In "The Sandcastle Girls," Laura Petrosian is a novelist who "built [her] career" writing "about New Agey women on the social margins."

As it happens, so has author Chris Bohjalian, whose books have been about a midwife, a holistic healer and a transgendered person, among other interesting subjects.

It becomes clear early on that Petrosian is the author's stand-in, an explorer in search of Armenian roots almost 100 years after the "slaughter you know next to nothing about."

As a young Boston Brahmin, Petrosian's grandmother, Elizabeth Endicott, traveled to Aleppo in the Ottoman Empire to aid refugees caught up in the Turkish slaughter of Armenians. There she meets and falls in love with Armen, an engineer whose wife and child have died.

Elizabeth and Armen survive "the slaughter, starvation and disease" relatively unscathed, travel to the United States, and live the American dream of middle-class prosperity and family. But even as a child, Laura sensed "an aura of sadness, secrets and wistfulness" in their lives. When she discovers an old photo of an Armenian woman with the same last name, she investigates and makes an unsettling discovery.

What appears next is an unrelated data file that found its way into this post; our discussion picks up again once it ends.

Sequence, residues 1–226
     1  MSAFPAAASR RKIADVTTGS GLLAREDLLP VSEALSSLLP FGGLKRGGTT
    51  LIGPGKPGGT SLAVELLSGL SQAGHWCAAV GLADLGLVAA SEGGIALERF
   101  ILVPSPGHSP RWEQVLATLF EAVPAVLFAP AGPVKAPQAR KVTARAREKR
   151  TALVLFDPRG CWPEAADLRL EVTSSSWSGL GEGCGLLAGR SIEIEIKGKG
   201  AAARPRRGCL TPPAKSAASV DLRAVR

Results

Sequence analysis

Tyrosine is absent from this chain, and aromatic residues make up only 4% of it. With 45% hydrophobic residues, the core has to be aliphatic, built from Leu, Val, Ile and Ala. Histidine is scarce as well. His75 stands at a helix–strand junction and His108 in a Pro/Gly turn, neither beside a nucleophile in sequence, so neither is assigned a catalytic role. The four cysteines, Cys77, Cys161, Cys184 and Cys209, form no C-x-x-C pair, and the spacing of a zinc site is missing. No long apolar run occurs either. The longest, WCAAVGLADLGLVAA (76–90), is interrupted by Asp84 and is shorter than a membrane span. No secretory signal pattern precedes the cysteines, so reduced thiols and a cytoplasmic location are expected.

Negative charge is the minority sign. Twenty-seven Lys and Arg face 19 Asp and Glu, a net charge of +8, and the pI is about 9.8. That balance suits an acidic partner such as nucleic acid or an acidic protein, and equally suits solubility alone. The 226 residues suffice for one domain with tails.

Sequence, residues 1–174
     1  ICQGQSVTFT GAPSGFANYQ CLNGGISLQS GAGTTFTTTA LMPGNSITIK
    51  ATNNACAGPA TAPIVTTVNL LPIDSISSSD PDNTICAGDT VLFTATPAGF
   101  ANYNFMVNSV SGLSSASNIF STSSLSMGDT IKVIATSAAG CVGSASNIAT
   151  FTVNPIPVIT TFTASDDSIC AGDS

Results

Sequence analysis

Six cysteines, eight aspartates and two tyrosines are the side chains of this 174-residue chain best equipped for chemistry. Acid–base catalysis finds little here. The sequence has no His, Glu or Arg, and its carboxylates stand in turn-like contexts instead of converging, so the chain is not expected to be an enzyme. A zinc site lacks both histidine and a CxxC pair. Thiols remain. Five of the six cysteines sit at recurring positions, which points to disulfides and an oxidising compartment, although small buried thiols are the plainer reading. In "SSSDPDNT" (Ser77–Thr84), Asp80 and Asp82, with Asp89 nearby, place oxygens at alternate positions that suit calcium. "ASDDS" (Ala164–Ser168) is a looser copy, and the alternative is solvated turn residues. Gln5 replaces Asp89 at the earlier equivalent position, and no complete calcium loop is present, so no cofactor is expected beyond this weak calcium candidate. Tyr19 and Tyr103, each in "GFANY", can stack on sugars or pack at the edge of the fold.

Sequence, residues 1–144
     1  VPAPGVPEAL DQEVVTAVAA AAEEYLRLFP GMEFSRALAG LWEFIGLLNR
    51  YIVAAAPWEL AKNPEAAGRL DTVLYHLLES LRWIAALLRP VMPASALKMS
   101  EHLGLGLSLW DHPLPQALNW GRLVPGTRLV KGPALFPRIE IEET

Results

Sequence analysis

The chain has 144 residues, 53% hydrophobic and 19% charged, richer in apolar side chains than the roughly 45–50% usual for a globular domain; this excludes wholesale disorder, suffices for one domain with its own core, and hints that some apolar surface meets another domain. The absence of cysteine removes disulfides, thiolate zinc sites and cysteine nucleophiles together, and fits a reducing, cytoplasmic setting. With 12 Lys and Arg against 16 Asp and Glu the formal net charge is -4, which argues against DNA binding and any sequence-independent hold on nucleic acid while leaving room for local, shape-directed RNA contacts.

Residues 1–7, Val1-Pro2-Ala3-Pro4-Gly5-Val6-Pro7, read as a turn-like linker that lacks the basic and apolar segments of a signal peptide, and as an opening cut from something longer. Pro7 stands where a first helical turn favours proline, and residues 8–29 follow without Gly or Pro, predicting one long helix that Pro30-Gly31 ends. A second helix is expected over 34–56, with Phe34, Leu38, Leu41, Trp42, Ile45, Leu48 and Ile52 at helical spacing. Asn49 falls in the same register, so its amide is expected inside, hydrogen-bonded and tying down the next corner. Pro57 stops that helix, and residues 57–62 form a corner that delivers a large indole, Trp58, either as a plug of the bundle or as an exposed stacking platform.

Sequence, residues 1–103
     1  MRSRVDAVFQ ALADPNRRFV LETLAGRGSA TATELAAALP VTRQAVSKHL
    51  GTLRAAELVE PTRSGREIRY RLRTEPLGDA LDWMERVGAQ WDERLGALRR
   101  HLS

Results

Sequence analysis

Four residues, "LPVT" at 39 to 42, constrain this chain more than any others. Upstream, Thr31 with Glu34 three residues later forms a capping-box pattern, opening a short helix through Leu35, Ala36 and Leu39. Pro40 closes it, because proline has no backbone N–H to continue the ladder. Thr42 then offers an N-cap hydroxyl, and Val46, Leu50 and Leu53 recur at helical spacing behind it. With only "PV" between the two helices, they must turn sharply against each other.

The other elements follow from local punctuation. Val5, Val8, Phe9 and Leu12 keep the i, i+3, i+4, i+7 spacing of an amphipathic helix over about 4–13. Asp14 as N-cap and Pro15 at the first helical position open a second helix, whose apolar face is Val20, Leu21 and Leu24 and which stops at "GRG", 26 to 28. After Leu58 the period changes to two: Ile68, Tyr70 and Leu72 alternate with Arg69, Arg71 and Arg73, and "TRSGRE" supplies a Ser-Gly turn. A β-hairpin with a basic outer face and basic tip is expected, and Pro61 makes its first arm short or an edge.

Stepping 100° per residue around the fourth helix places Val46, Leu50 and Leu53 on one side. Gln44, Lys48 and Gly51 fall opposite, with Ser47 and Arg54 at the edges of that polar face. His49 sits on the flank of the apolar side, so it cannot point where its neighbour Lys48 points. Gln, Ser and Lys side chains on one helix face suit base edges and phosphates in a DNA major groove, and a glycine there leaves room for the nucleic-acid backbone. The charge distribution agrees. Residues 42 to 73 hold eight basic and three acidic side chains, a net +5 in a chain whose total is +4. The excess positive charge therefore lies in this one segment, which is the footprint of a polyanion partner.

It's not difficult to figure out the ending, but it is handled with such skill that it seems perfect.

Bohjalian is a literary novelist unafraid to reference Proust's madeleine and expect readers to get it. But his books are also filled with artfully drawn characters and great, passionate storytelling. "The Sandcastle Girls" is all that, but different, more powerful. His descriptions of the brutality, the genocide, make it obvious that this time it's personal.